With three bills currently in Congress – one in the House of Representatives, two in the Senate – aimed at solving the country’s infrastructure deficit through innovative funding options, it seems US lawmakers are finally realising that something needs to be done.
“Although Congress will stay polarised, they are increasingly going to find areas they can agree on; infrastructure is the first such area,” notes John Ryan, managing director of Greengate, a Washington DC-based financial advisory firm specialising in infrastructure and project finance. “And that really underscores the momentum of these bills.”
In January, Senator Michael Bennet, a Colorado Democrat, introduced the Partnership to Build America Act, a companion bill to the one previously introduced in the House of Representatives by Congressman John Delaney last May.
The concept of both bills is essentially the same. They both provide for the creation of a $50 billion infrastructure fund that would be capitalised up front through the sale of 50-year bonds.
To raise the capital, the Partnership to Build America Act includes an incentive for US corporations to repatriate a portion of their foreign earnings tax-free for every dollar they invest in the bonds. Both versions of the bill would provide loans or loan guarantees for projects in the transportation, energy, water/wastewater, communications, and education sectors.
However, the Senate and House versions also contain key differences.
“My biggest concern about Delaney’s bill is that it would only provide loans directly to government entities,” says Bob Poole, director of transportation policy and the Searle Freedom Trust Transportation Fellow at the Reason Foundation, a Washington DC-based public policy think tank.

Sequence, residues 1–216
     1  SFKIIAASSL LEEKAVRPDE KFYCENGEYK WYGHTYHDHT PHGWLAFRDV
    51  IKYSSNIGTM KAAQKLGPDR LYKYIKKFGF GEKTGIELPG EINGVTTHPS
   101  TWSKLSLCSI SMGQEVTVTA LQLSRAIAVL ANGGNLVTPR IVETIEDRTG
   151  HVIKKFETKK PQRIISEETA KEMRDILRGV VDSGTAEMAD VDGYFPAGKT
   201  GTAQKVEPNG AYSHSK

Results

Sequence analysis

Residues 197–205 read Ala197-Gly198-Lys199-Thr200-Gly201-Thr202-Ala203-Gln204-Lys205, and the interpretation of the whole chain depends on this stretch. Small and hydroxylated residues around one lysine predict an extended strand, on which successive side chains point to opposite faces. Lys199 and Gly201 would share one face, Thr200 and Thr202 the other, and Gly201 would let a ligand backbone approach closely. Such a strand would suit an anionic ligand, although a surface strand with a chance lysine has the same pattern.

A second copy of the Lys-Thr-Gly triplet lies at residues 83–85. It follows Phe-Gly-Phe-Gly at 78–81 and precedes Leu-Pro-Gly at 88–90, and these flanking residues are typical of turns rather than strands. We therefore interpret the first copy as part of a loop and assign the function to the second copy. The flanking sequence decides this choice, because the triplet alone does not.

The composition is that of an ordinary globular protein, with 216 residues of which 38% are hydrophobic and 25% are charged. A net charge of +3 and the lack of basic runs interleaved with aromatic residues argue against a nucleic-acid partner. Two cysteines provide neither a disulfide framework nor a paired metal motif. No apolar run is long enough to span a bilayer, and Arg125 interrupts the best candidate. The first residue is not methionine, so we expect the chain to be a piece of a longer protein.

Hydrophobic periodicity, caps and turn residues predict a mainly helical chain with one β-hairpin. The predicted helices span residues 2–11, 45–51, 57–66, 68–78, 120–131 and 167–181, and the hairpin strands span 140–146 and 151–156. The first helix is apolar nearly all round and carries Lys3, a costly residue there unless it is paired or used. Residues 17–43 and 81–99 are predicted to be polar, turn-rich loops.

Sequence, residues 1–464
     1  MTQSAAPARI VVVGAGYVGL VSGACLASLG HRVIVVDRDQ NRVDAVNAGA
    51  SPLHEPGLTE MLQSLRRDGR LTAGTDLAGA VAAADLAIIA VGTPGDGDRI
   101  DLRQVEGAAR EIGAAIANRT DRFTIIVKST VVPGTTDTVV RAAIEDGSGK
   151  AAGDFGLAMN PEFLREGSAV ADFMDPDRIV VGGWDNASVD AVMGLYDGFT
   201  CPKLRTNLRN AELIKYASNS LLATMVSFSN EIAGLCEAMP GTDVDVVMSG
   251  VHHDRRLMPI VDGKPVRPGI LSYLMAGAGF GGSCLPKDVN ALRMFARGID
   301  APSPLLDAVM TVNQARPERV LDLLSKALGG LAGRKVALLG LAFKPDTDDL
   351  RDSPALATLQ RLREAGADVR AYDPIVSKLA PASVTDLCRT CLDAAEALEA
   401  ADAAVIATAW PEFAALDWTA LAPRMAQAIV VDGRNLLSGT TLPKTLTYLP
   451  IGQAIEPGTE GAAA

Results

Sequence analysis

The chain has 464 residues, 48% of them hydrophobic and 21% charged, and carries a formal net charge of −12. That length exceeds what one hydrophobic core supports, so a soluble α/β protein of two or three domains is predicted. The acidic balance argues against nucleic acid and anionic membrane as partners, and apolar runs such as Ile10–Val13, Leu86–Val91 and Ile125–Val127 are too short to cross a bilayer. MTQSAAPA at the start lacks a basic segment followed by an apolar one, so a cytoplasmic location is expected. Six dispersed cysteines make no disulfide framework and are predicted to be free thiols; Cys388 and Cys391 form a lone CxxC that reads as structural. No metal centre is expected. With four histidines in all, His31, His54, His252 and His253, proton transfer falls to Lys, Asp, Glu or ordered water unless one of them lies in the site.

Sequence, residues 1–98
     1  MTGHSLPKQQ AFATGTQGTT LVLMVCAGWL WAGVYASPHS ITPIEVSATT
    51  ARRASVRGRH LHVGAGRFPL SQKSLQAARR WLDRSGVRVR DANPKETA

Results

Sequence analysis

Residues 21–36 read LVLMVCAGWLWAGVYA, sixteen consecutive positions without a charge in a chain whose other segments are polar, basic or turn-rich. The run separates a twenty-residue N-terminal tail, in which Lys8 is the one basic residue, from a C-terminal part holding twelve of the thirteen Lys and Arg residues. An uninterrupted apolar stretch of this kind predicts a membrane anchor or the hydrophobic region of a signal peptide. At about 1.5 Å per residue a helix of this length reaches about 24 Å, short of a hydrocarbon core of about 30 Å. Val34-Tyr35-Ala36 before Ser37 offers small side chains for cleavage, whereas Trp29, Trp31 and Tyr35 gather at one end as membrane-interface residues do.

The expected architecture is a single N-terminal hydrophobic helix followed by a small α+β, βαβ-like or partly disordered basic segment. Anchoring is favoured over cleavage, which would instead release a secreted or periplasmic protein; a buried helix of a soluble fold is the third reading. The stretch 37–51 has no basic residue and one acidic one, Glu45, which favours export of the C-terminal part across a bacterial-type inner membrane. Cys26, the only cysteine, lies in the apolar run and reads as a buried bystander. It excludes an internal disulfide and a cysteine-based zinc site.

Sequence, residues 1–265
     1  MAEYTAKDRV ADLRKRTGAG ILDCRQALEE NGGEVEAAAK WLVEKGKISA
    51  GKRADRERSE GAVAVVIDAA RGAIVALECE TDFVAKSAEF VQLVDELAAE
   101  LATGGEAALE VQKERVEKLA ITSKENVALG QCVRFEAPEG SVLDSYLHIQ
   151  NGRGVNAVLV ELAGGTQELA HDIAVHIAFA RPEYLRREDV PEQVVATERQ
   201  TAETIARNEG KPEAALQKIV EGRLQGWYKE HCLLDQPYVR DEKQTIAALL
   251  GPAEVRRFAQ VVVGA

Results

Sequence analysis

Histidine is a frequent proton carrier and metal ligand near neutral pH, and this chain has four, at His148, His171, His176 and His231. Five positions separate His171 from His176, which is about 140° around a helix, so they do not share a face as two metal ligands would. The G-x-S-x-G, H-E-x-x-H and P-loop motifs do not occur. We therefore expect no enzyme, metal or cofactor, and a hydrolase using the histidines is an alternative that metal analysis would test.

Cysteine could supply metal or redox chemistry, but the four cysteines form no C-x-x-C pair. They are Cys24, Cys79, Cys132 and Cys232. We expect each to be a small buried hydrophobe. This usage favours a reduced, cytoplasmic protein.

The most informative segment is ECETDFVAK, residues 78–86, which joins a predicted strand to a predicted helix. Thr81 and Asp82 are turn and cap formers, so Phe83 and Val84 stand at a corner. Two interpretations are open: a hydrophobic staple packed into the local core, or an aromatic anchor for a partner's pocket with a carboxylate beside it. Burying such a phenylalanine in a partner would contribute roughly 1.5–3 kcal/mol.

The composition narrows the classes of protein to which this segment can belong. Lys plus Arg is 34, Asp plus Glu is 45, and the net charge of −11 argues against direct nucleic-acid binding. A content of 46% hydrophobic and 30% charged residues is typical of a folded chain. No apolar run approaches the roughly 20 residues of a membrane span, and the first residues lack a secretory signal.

“Given that part of his stated objective is to increase the use of P3s [public-private partnerships], that seemed like a strange way to go about doing it,” he says.
The Senate’s Partnership to Build America Act is viewed as more favourable for P3s because it allows loans to be made directly to P3 developers. It also increases the amount of capital that can be allocated to P3s to 35 percent compared with 25 percent in the Delaney bill.
Governance is another area of divergence between the two.
Whereas Delaney’s bill allows seven of the fund’s 11-member board of trustees to be appointed by the seven entities purchasing the largest amount of bonds, the Senate version provides for all nine members to be nominated by the Senate and the House.
Specifically, the Speaker and the Minority Leader of the House and the Majority and Minority Leader of the Senate will each submit a list of five nominees. The president will then choose two from each list and will be able to select the ninth member at will.
By not allowing private entities contributing to the fund to nominate board members, the Senate bill avoids any potential conflict of interest, a Senate Democratic aide told Infrastructure Investor.
Both bills have bipartisan support. The Senate version is even co-sponsored by Virginia Democrat Mark Warner, who last November introduced the Building and Renewing Infrastructure for Development and Growth in Employment (Bridge) Act.
While the Bridge Act also addresses the issue of financing infrastructure, its approach is fundamentally different from the other two bills.
The Warner bill, which is also narrower in scope – it excludes communications and schools – would create the Infrastructure Finance Authority that would receive an initial $10 billion in funding from the government. It would later become self-sustaining over time by establishing fees for loans and loan guarantees.
Whether a combined version of the Partnership to Build America Act and the Bridge Act become law, remains to be seen.
But, as Ryan points out: “There’s not one answer to such a big problem.”